On Sept. 22, 2006,the Japanese Aerospace Exploration Agency launched a sun-observing satellite called Hinode, or Solar-B. It was named after the Japanese word for “sunrise.”
Related: The Greatest Missions to the Sun
The satellite orbits about 400 miles (644 kilometers) above the Earth in a sun-synchronous orbit, which means it’s always facing the sun. Since it launched, it’s been measuring the sun’s magnetic fields and taking cool photos of solar flares, sunspots and transits across the sun.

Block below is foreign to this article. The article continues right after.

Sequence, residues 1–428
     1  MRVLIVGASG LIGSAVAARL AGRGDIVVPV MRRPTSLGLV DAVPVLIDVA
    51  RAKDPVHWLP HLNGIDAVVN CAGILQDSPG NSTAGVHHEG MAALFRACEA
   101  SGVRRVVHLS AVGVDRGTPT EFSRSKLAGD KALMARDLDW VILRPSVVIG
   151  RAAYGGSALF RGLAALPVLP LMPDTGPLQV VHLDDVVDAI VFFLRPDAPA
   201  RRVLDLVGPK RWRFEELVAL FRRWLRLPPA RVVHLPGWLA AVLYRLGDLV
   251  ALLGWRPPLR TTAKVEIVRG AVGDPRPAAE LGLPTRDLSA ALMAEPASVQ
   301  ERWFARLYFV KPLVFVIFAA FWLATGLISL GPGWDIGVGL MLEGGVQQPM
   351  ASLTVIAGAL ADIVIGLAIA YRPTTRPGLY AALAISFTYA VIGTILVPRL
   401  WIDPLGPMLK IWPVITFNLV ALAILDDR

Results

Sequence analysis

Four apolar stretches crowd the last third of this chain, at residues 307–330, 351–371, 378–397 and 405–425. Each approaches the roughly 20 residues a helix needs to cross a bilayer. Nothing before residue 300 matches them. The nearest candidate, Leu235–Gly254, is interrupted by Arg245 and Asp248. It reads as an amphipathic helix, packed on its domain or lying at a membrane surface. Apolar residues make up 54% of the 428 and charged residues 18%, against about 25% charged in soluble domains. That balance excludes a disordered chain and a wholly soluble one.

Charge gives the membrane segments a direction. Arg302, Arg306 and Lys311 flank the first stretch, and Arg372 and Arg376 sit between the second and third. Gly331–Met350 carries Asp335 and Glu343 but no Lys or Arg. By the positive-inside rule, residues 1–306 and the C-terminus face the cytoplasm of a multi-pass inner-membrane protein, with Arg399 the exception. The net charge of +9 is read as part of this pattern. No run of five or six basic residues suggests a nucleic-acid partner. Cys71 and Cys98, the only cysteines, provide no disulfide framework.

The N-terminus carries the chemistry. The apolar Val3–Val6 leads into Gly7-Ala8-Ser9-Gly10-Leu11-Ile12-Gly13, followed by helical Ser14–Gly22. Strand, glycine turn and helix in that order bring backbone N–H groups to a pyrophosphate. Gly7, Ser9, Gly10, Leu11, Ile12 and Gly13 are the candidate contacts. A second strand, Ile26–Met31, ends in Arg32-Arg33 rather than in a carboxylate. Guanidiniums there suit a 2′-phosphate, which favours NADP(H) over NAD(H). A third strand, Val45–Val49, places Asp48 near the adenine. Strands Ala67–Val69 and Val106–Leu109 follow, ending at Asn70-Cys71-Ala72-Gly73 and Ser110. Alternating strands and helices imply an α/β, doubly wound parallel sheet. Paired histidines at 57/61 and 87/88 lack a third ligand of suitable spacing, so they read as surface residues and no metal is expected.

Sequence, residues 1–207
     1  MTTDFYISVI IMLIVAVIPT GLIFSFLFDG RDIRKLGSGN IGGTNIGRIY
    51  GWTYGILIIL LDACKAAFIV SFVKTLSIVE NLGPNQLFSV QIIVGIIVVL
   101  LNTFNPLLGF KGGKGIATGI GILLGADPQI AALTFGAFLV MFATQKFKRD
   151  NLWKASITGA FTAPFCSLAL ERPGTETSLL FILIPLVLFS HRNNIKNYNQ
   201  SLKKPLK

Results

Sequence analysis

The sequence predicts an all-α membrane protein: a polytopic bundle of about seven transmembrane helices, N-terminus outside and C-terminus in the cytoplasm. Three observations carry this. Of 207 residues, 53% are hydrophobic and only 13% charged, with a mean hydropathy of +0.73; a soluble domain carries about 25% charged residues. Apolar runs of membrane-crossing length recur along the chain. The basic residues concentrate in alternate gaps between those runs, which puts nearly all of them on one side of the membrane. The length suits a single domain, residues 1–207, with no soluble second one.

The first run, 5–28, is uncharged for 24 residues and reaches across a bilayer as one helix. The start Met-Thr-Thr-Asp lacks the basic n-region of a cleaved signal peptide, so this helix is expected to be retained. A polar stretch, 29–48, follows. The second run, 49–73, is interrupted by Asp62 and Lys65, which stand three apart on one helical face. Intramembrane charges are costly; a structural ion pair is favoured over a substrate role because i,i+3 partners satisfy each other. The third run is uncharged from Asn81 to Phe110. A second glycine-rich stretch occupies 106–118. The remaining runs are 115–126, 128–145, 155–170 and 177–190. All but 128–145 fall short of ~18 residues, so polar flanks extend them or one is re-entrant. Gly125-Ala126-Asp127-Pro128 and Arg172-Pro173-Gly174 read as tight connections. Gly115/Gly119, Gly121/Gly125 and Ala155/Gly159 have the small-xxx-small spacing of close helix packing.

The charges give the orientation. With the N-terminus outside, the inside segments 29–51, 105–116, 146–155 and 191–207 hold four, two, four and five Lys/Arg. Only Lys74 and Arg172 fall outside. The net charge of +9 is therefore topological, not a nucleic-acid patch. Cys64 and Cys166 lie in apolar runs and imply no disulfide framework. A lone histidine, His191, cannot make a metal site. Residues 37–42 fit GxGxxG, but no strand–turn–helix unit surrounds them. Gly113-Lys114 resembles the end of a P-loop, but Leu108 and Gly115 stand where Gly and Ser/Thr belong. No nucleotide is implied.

Catch up on our entire “On This Day In Space” series on YouTube with this playlist.
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Still not enough space? Don’t forget to check out our Space Image of the Day, and on the weekends our Best Space Photos and Top Space News Stories of the week.
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